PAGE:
Battle ensues over widening Falls of Neuse

December 2, 2008 9:00:00 PM PST
Everyone seems to agree that something needs to be done about Falls of Neuse Road, but residents who live along it say widening to four lanes is enough."Believe you me, having lived on that street and having lived in the area, the thing we need is a right size road and we need it now," offered Sam Rabon who lives along the road.

In a vote Tuesday evening, City Council voted to go along, and pursue a four-lane road with a center turn lane instead of the proposed six-lane highway.

The decision came after a coalition of homeowner's associations with more than 60 residents showed up to voice their concerns about the widening project.

"If you build a highway the people will try to use it and will jam it," said one resident.

Funding for the project will come from a mix of federal and city money. The plan is to widen the road from just south of Raven Ridge Road and then north. The construction would follow the existing road to Lowery Farms Road, and then a new bridge would cross the Neuse River and link up with New Falls of Neuse Road in Wakefield.

Construction on the road realignment was to start this spring, but federal officials have to sign off on design changes. That's a frustration for city leaders who wondered aloud why the six lane plan has gone forward despite so much opposition.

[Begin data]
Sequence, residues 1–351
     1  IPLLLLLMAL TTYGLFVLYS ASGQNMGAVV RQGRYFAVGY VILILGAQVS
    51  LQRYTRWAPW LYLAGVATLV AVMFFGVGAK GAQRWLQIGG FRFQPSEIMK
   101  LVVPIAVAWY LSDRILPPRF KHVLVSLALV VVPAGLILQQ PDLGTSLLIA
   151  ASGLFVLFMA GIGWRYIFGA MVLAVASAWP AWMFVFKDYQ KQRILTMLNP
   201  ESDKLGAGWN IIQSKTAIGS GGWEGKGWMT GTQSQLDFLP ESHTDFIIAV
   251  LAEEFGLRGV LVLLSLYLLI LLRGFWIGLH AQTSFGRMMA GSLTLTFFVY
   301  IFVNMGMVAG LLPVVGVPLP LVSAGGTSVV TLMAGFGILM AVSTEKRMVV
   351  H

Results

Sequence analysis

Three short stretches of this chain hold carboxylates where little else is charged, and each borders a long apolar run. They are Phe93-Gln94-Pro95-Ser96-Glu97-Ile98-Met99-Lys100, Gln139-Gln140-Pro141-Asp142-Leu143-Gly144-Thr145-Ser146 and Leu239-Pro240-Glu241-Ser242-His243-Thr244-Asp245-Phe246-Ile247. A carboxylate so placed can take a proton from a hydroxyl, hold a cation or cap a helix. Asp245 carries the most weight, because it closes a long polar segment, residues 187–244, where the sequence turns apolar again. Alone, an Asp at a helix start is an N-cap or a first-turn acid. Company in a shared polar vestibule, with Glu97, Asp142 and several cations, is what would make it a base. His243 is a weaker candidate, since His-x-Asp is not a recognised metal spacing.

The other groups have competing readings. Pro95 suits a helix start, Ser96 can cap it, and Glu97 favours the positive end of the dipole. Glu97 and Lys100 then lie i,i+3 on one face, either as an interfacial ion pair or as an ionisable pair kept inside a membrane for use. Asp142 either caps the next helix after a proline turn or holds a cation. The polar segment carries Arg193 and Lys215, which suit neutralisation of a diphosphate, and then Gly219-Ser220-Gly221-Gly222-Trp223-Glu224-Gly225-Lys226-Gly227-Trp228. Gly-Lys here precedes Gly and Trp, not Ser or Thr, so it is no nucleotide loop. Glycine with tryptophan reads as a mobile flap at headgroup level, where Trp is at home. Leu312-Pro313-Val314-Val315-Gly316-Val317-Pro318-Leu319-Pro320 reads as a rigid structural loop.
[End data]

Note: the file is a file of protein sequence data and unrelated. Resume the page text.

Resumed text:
"The whole question of putting the cart before the horse and getting to this point. Citizens at four different meetings, they're always saying it should be four, but the design stayed at six," said City Councilman Russ Stephenson.

Federal rules in order to qualify for federal money, the city must plan for future use. Studies show the road will have about 45,000 cars a day on it by 2035 - and thus the six-lane plan. City planners say if the city drops the six-lane plan, there's a chance the money will disappear.

Residents say if Falls of Neuse can't be widened, they'd rather the city focused on nearby U.S. 1, which is already heavily lined with commercial development.

"There's a road called Capital Boulevard that is literally parallel to what we're talking about. Capital Boulevard is the perfect road to have six-lanes," offered Rabon.


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